Writing this, I come fresh from yesterday’s SIBOS panel on the merits of central authority intervention in the capital markets. The timeliness of the topic made the discussion a livelyone, especially with today’s securities industry experiencing heightened
scrutiny as a result of the credit crunch. For me, the burning issue around regulation is how far-reaching it should be. I believe the correct answer to that question is that it should go far enough to protect investors and correct any misalignments in the
industry but it mustn’t inhibit a firm’s ability to participate in the global marketplace. A light touch, proactive approach to intervention can be successful without the threat of being overly dictatorial.
This is well exemplified by the Fed’s approach to credit derivatives processing. Had the Fed intervened too strongly it would have cramped the growth of the OTC derivatives market. Instead, market participants have been able to work towards a specific goal
without the prescription of how to get there.
Having said all of this, the sudden collapse of Bear Stearns, the sub-prime mortgage crisis and the SocGen situation have all seriously shaken investor confidence in the global financial community. The question we have to ask here is, would proactive central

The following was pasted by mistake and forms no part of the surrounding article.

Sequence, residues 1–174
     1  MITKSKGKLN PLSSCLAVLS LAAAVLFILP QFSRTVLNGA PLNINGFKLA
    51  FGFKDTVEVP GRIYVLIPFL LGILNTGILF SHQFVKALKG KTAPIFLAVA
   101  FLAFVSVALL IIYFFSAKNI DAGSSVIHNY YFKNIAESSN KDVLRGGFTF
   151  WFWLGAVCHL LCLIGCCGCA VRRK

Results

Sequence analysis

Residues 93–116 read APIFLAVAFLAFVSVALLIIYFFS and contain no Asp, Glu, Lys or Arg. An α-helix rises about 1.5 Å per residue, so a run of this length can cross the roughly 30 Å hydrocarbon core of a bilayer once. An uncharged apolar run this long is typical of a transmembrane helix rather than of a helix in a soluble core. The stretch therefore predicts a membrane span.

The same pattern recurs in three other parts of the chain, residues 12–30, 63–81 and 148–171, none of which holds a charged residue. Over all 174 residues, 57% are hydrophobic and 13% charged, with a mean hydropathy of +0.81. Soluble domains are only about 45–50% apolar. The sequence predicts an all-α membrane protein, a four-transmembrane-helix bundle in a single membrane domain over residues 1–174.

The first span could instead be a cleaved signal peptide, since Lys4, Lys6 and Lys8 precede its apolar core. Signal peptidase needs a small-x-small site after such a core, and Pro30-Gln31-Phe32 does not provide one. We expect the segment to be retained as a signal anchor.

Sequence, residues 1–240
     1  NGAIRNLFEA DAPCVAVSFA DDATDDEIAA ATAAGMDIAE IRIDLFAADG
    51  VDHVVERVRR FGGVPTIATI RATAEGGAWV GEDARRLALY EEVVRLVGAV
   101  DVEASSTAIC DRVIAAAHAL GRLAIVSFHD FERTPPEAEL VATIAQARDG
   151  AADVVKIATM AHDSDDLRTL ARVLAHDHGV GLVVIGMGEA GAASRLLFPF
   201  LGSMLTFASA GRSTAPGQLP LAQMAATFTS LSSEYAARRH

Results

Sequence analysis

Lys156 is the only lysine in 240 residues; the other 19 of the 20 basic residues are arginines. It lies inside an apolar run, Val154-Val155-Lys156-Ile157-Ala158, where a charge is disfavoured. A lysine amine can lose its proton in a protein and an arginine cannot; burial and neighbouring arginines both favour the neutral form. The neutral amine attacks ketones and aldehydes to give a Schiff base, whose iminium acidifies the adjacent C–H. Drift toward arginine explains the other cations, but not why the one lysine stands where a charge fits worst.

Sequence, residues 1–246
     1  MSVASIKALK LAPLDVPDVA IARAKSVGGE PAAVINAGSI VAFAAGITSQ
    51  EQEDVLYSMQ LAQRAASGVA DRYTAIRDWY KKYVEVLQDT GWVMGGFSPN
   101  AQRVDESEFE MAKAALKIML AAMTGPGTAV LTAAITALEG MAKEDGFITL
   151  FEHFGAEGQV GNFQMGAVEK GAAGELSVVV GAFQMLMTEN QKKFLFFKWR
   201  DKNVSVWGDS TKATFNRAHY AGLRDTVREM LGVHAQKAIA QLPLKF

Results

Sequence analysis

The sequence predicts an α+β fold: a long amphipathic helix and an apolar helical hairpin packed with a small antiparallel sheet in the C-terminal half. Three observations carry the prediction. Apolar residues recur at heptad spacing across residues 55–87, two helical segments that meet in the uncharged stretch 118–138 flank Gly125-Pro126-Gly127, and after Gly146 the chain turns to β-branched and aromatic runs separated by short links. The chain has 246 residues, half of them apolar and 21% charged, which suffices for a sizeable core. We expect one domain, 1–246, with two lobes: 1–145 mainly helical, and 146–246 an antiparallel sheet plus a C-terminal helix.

authority intervention have averted any or all of these crises? It is impossible to provide a definitive answer to this question, but we can say with some certainty that forcing regulators to react to a crisis cannot be a healthy scenario. A crisis by its
very nature, requires an immediate solution; the corollary of this is that at times, regulators must go it alone to define the rules, rather than solicit the involvement of the industry to develop a solution.
However, the different sections of the global financial community can be instrumental in better positioning the industry against financial shockwaves, thereby reducing the need for overzealous intervention. For example, operations has a significant role
in assuaging some of the investor concerns that the credit crunch has precipitated. Take the OTC derivatives markets once again. Today, more than two trillion dollars of cash and securities are being used to counter the operational and market risk. A key
part of reducing operational risk will be to improve efficiency by automating reconciliation and collateral management processes for the entire duration of these long-term contracts thereby reducing the unknown factors inherent in derivatives contracts.
To conclude, I guess what I’m really saying on the merits of central authority intervention, is that the most effective way of devising rules for the capital markets is for the industry to work in partnership with the regulators to establish a robust framework.